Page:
Meat Loaf – Bat Out Of Hell (1977)
This week takes us back to 1977 when a man by the name of Michael Lee Aday (professionally known as Meat Loaf) released his first album. Bat Out Of Hell was a unique album upon initial release, and many people had never heard anything like it before. It was initially criticized for failing to conform to easily recognizable musical standards at the time, particularly in the way the songs are structured. Typical rock/pop music of the period followed (and still follows) a verse-chorus-verse-chorus-bridge-chorus structure. Listening to the album, you’ll notice that only the ballads follow that pattern while all the other songs are more structured around the story that they’re trying to tell. Since its initial release, Bat Out Of Hell has become one of the best selling albums of all time and is a quintessential album to blast in the car while driving along the highway and singing along as loudly as possible!
Bat Out Of Hell can best be described as a rock opera and each song on the album can stand alone as its own story. Like last week with One Of These Nights, Bat Out Of Hell is an album about relationships; specifically young relationships and experiencing a relationship and all of the different emotions and stages that come with it. Listen to Hot Summer Night and Paradise By the Dashboard Light for the most clear examples. In the former, the main character gushes about their new partner (read below for why I also might not be!), and with the latter, it explicitly states that the two characters are young. All Revved Up with No Place to Go follows the theme, describing the main characters as a young boy and young girl, in this case referring to teenagers. Give the album a listen for yourself, and I hope you enjoy one of my personal favorite albums!
Dad’s Thoughts- The Breakdown
Bat Out of Hell: Meat Loaf really opened the album like a bat out of hell, didn’t he?! The long instrumental at the beginning gives you a taste of what you can expect for the rest of the album; driving guitars, an amazing intertwining of instruments, passion, and a great story. The only reason I didn’t give this song a 10 was because I think there’s another song on the album that’s more dynamic in its story that maintains the same instrumental quality. Dad’s Rating 9/10
You Took The Words Right Out of My Mouth (Hot Summer Night): The spoken word at the beginning actually ties in to the song quite well and almost makes the song have multiple points of view. Give it a listen and listen to what the main character is saying. The first point of view is from the speaker’s view where the other person in the song is described like a wolf, as evidenced by the lines “you were licking your lips…” and the setting of the song being underneath the moon. This is the same view as the man in the spoken word intro. He’s distrustful of the woman, the cunning wolf. If we flip the viewpoint so that the woman is the main character of the song then the other person in the lyrics is literally the self-described wolf with the red roses from the intro. Besides the interesting play in the lyrics, this is an insanely sing-able song and definitely not one to skip. Dad’s Rating 8/10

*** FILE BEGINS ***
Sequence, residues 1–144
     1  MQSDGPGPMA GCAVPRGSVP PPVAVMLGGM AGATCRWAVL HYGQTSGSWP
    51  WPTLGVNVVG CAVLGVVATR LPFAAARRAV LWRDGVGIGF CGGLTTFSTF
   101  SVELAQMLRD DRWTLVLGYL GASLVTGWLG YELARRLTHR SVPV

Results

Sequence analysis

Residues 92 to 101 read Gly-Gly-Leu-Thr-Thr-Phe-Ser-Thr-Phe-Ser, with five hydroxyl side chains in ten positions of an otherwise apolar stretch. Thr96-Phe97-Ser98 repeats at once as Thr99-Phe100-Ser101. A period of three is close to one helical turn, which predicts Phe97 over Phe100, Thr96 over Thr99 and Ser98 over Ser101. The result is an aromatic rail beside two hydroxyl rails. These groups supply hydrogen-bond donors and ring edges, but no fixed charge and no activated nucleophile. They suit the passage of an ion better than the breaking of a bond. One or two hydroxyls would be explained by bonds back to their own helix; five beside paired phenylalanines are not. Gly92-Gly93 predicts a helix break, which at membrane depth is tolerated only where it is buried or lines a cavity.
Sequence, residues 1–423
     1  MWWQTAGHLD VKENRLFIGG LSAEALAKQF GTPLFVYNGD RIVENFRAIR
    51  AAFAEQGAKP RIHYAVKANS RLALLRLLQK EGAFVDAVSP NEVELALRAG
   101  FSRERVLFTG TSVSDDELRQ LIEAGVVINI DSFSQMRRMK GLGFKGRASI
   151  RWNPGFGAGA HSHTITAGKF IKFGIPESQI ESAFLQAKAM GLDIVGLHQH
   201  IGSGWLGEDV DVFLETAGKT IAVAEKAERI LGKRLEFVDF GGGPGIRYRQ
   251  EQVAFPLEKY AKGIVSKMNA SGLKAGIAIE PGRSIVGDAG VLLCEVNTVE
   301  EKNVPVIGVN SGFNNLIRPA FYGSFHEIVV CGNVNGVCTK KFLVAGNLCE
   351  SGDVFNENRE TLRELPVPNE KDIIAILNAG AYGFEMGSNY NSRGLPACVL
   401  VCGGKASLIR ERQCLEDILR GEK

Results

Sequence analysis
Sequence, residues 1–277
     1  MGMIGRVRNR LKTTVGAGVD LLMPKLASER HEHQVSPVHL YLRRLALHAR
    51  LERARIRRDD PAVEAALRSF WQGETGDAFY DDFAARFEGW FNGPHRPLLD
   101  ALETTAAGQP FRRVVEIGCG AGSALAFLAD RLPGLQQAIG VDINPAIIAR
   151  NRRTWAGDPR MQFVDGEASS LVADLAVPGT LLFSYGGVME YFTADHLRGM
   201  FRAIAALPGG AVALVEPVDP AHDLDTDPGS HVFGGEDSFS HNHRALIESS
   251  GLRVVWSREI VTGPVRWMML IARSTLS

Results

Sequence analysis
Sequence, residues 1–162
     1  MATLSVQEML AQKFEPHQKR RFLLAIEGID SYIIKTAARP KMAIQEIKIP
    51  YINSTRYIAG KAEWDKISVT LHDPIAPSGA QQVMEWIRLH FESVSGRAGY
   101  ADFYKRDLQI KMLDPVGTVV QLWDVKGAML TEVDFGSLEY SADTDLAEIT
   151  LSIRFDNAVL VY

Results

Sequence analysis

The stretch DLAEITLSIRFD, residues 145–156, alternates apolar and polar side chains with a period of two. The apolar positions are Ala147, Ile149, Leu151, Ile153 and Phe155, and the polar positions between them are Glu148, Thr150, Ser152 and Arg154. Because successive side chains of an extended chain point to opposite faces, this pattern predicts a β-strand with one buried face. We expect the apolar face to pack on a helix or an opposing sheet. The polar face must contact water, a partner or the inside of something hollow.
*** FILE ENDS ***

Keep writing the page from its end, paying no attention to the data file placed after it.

Heaven Can Wait: In my opinion, this is the weakest song on the album. One of the positive parts of this song though is the delightful piano accompaniment. This is definitely not a bad song, it just doesn’t hold up next to some of the other ballads on the album like Two Out of Three or For Crying Out Loud. No need to wait for this song. If this is your first time listening to this album, don’t skip it. Listen to it and compare it to the other two ballads and see which one you like most. Dad’s Rating 6/10
All Revved Up with No Place to Go: I think this song will surprise you if this is your first time listening to it. I’m not going to ruin the ending, but this song revs up, and right into Two Out of Three! Dad’s Rating 8/10
Two Out of Three Ain’t Bad: This is Meat Loaf’s best-known ballad, and this song still receives regular play on the radio. I believe the reason this song still resonates is because everyone can recall a time when they had unrequited feelings towards someone else. This song isn’t lyrically or musically complex, it’s just a great heartbreak song. “I want you, I need you…ain’t no way I’m ever gonna love you…”. That’s your two out of three and I give this a…Dad’s Rating 7/10 (a little higher than 2/3)
Paradise By the Dashboard Light: Paradise By the Dashboard Light will throw you for an emotional journey for the entirety of the song. You feel all of the emotion of the main characters, two high schoolers out by the lake trying to find eh-hem “paradise by the dashboard light…”. The instrumentation in this song is fantastic, everything from how the piano starts by driving the song forward to playing a “call and response” in the back and forth between the two main characters. There’s creative use of baseball commentary and such a compelling story that make this song our second “They don’t make music like this anymore Award” Dad’s Rating 10/10
For Crying Out Loud: I’ve always skipped over this song when I listened to this album in the past and ended with Paradise, but for crying out loud, I wish I hadn’t! This really is a great ballad that’s really easy to listen to. The buildup through the song is great and the piano accompaniment is beautiful. I’ve never heard an album be self-aware before, but Meatloaf makes reference to all of the other songs on this album in this song as a closing remark of sorts. See if you can catch them all! Dad’s Rating 7/10
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